Decades before the Gorillaz, a cartoon band called the Archies topped the charts with “Sugar, Sugar”. Yes, you can have a number 1 single even if you’re cast member of a Saturday morning cartoon. But in The Archies #1 one-shot, writers Matthew Rosenberg and Alex Segura, artist Joe Eisma, and colorist Matt Herms modernize the late-1960s bubblegum pop sensations into an angst-ridden, high school garage band. The (Pre-Riverdale) Archie characters were known for being an idyllic reflection of Americana, but the members of the Archies don’t really like each other too much with romantic and creative drama taking place throughout the comic. But this keeps things entertaining between Eisma’s beautiful montages. They’re also pretty pop culture savvy with Veronica reminding everyone of her preference for Sleater-Kinney over the Pet Sounds Beach Boys, or Jughead reminding Archie that the Violent Femmes were a trio.
I like to describe Joe Eisma’s art style on books like Morning Glories and Archie as “attractive human chic”. Sure, Veronica, Betty, and various Riverdale residents have killer hairstyles and great senses of style, but Eisma’s lines are more frenetic, especially when the band members are arguing or playing not the greatest. Without the obvious aid of audio, he and colorist Matt Herms make the Archies seem like a pop punk band with maybe a touch of New Wave from Veronica’s keyboards. Archie is a wannabe Billy Corgan/Jack White/Matthew Bellamy frontman/guitar hero though, especially when he records the whole band’s parts. Rosenberg and Segura write him as a music virtuoso, but as a total clueless goof when it comes to interacting with other people romantically or platonically. (Except for Jughead, who he has an easy rapport with.) This goes along with the extremely earnest facial expressions that Eisma makes him wear throughout the issue.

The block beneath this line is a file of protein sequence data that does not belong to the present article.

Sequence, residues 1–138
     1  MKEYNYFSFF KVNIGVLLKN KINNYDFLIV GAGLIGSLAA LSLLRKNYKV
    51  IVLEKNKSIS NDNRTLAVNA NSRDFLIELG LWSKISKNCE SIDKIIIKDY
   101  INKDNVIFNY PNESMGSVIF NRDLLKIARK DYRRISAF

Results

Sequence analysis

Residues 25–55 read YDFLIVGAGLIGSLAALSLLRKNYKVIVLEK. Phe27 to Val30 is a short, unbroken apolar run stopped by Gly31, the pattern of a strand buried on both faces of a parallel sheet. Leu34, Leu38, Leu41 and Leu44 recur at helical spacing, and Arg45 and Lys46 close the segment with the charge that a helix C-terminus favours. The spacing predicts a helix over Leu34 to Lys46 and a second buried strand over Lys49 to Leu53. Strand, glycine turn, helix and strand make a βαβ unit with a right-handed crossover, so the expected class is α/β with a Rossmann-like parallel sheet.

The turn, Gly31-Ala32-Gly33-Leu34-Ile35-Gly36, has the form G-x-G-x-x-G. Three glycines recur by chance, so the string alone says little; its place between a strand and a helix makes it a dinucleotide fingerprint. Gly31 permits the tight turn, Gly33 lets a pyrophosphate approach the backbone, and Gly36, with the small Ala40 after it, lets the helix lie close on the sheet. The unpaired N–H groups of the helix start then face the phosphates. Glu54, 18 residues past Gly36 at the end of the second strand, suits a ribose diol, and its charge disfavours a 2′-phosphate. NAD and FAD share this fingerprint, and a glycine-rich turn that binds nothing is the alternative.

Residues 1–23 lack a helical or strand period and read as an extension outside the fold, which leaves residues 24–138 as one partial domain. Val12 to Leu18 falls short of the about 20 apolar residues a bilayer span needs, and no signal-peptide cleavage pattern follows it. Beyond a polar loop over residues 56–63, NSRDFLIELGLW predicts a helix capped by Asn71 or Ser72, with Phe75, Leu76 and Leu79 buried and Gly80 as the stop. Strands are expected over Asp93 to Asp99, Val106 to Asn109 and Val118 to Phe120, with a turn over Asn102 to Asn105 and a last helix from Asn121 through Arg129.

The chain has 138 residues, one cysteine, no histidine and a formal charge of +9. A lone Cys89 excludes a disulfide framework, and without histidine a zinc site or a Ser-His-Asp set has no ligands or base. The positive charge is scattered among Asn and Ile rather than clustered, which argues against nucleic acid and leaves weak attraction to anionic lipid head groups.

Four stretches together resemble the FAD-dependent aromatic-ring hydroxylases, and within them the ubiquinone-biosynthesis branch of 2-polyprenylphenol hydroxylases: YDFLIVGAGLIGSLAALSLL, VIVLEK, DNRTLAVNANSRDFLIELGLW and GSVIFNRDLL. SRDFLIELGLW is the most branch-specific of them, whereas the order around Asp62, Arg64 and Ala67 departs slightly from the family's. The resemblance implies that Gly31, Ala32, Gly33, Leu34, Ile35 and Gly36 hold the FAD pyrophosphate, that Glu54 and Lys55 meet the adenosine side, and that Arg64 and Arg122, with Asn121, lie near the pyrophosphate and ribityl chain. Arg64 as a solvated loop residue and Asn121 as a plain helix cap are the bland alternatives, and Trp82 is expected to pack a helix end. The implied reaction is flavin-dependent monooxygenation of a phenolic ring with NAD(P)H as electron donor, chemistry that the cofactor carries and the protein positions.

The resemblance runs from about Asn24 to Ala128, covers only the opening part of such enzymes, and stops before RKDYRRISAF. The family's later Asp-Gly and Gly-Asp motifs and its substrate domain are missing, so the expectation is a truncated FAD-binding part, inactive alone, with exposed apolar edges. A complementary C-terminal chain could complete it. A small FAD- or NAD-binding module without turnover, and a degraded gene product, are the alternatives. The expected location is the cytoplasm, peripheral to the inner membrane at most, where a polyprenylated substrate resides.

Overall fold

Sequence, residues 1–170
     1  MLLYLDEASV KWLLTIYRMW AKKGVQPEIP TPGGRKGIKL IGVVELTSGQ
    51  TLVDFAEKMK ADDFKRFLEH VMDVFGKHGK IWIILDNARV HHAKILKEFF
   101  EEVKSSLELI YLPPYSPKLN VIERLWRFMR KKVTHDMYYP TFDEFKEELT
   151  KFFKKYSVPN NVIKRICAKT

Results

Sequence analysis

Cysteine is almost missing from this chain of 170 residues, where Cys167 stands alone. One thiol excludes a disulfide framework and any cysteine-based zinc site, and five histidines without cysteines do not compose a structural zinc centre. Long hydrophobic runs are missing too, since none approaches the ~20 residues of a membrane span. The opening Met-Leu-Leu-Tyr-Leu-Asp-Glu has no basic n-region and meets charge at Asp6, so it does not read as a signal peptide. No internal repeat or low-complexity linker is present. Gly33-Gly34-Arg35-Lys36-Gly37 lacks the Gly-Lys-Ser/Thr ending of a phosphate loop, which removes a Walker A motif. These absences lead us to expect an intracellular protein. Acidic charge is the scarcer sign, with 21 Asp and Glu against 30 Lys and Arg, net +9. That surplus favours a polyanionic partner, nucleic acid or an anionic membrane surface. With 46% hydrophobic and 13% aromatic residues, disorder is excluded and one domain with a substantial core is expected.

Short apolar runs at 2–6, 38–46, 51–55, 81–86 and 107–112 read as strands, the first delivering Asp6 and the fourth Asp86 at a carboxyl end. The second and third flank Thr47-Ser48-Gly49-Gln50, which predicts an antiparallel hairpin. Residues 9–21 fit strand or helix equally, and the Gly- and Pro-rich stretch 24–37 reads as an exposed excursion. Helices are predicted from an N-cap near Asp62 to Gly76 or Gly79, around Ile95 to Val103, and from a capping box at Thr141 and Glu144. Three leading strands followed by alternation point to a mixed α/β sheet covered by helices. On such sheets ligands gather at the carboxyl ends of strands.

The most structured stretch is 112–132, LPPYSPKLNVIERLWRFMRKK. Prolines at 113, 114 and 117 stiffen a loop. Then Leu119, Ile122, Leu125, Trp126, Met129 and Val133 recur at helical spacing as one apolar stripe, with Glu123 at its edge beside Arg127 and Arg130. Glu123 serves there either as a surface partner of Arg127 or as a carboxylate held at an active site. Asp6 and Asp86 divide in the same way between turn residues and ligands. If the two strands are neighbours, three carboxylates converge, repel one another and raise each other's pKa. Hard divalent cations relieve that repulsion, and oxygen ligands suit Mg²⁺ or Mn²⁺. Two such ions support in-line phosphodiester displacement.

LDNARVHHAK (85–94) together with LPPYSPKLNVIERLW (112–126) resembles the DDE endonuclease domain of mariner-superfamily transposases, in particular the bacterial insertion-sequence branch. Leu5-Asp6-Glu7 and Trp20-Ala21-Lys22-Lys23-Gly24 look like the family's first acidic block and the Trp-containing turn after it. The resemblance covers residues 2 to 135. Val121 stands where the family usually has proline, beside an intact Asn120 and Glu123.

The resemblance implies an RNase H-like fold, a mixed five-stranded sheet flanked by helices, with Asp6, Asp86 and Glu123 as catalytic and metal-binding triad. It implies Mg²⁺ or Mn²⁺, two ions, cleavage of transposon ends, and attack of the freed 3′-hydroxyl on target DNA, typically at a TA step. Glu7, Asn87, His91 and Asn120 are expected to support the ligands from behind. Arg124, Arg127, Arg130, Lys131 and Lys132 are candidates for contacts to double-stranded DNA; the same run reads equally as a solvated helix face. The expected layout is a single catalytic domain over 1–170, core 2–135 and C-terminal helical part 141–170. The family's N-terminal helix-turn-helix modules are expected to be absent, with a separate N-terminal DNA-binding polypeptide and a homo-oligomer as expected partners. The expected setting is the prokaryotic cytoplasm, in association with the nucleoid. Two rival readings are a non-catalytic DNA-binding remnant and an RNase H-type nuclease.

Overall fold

Joe Eisma’s wavier inking sells the comedic moments like Jughead’s constant drum stick face palming, and the utter look of defeat when he sees his friends playing in a band with “lead bassist” Reggie. (I see him as more of a Chainsmokers type though as he struts around like a douchebag and lets more talented vocalists do the heavy lifting.) Even if Archie is more erudite when it comes to music, the silly slapstick that have been a part of these comics is still intact from the moment, our favorite ginger runs into a tree on the third page or so. But the music scenes are played a little more straight with some nice red and blacks from Herms to give the gig atmosphere and show beauty coming out of the squabbling that is most of this comic.
On a plot level, The Archies #1 is a dysfunctional, coming of age band story. It’s kind of like Empire Records if the characters made music and didn’t just sling it. Rosenberg and Segura don’t bog the story down in exposition except for some occasionally humorous fourth wall breaking from Archie. (Kind of like what he does in the main Archie book written by Mark Waid.) There is a lot of unspoken subtext to the characters’ interactions especially when two of Archie’s bandmates are his ex and current girlfriend. Yeah, it’s a marvel that this comic ends in a splash page of a concert and not some kind of mock superhero/supervillain battle. Having Jughead around helps keep Archie humble, and he both keeps time as a drummer and the peace as his chill, burger loving self.
The Archies #1 is another worthy addition to the “new Riverdale” books and will make you wish that Matthew Rosenberg, Alex Segura, Joe Eisma, and Matt Herms teamed up to show the band go on tour, bicker even more, and still make solid pop rock music. (The tambourine is the hidden ingredient to their musical success.) Also, Archie Andrews, goofball popular music savant is my second favorite incarnation of him after Archie Andrews, decapitated Predator victim… (That last sentence was written with nothing but love.)
Story: Matthew Rosenberg and Alex Segura Art: Joe Eisma Colors: Matt Herms
Story: 8.0 Art: 9.5 Overall: 8.7 Recommendation: Buy
Archie Comics provided Graphic Policy with a FREE copy for review